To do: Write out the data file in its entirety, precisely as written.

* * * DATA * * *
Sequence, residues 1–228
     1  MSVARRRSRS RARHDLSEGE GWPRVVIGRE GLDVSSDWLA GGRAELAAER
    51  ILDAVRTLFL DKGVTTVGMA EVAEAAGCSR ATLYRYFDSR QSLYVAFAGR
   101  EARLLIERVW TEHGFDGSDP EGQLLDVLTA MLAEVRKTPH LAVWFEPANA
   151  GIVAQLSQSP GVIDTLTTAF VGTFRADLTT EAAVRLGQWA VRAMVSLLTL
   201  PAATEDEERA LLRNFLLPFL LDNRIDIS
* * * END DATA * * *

Sequence, residues 1–228
     1  MSVARRRSRS RARHDLSEGE GWPRVVIGRE GLDVSSDWLA GGRAELAAER
    51  ILDAVRTLFL DKGVTTVGMA EVAEAAGCSR ATLYRYFDSR QSLYVAFAGR
   101  EARLLIERVW TEHGFDGSDP EGQLLDVLTA MLAEVRKTPH LAVWFEPANA
   151  GIVAQLSQSP GVIDTLTTAF VGTFRADLTT EAAVRLGQWA VRAMVSLLTL
   201  PAATEDEERA LLRNFLLPFL LDNRIDIS